Alga corallina - Lithophyllum stictiforme
This red alga, Lithophyllum stictiforme, is commonly called Marine Lichen and obviously has nothing to do with lichens, although I remember them for its limestone and rather rigid structure. Lithophyllum stictiforme Alga corallina Red algae intotheblue.it
These are red calcareous encrusting algae that are part of the coralligenous building organisms as they possess a skeleton of inorganic material that remains on the rocks and on the skeletons of other marine species after the death of the plants. These algae can occasionally be observed near the surface, with reduced and encrusting forms, but are much much larger and more frequent starting from 20 meters deep up to over 70 meters. Illuminated by the artificial light of the lamps, they appear a beautiful deep pink color, with suspended fronds that can reach up to 30 centimeters in diameter.
The marine lichen belongs to the Vegetable Kingdom and to the Red Algae division. Here we will mean the set of life forms (in the case only algae and plants) capable of autonomously producing (photosynthesis) organic substances. Our first subdivision of convenience differentiates two superphilums (which in the plant world are called superdivisions);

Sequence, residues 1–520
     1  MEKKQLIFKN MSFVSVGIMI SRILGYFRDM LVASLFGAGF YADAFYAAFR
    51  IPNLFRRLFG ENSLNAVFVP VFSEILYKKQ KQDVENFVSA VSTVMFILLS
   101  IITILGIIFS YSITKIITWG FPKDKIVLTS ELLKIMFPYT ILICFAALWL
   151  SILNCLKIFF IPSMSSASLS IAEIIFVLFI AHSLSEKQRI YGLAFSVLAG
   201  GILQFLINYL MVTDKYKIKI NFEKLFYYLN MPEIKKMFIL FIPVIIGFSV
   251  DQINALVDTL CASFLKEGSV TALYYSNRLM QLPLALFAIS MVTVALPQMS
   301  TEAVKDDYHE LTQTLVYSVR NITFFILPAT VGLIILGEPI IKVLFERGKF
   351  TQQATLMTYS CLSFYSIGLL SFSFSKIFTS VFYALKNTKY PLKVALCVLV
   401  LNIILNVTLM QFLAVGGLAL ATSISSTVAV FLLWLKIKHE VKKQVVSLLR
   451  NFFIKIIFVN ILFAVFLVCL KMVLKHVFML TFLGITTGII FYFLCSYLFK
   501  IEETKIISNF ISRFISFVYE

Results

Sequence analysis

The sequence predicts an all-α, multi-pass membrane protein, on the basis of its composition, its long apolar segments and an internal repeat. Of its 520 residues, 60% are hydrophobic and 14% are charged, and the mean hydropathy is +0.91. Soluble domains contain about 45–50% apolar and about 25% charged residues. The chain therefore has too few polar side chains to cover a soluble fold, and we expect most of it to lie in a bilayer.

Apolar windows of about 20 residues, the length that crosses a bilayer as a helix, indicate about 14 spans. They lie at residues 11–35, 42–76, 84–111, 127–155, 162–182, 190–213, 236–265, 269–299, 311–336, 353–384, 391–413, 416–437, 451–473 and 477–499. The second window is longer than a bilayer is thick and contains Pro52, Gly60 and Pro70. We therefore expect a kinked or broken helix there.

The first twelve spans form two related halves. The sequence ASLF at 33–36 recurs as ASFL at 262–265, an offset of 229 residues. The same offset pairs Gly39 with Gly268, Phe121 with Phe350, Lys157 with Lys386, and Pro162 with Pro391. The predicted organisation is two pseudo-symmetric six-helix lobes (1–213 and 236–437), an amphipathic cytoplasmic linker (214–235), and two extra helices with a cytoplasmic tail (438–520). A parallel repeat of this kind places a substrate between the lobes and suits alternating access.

algae – brown algae division – red algae division -green algae division -division pelagoficee algae
Algae are marine plants equipped with chlorophyll with a complex and undifferentiated body (in which stem, roots and leaves, flowers and fruits are not distinguished). A summary subdivision among the algae, differentiates the species of algae by the color of their thallus. The red algae (rhodophytes) have various shades of color, always tending to red from bright to dark with a branched thallus in a mostly arborescent form. Many species are characterized by limestone branches being the thallus impregnated with calcium carbonate. Red algae easily tolerate poor lighting conditions and we will therefore be able to find them both in relatively shallow waters and, and predominantly in deep waters.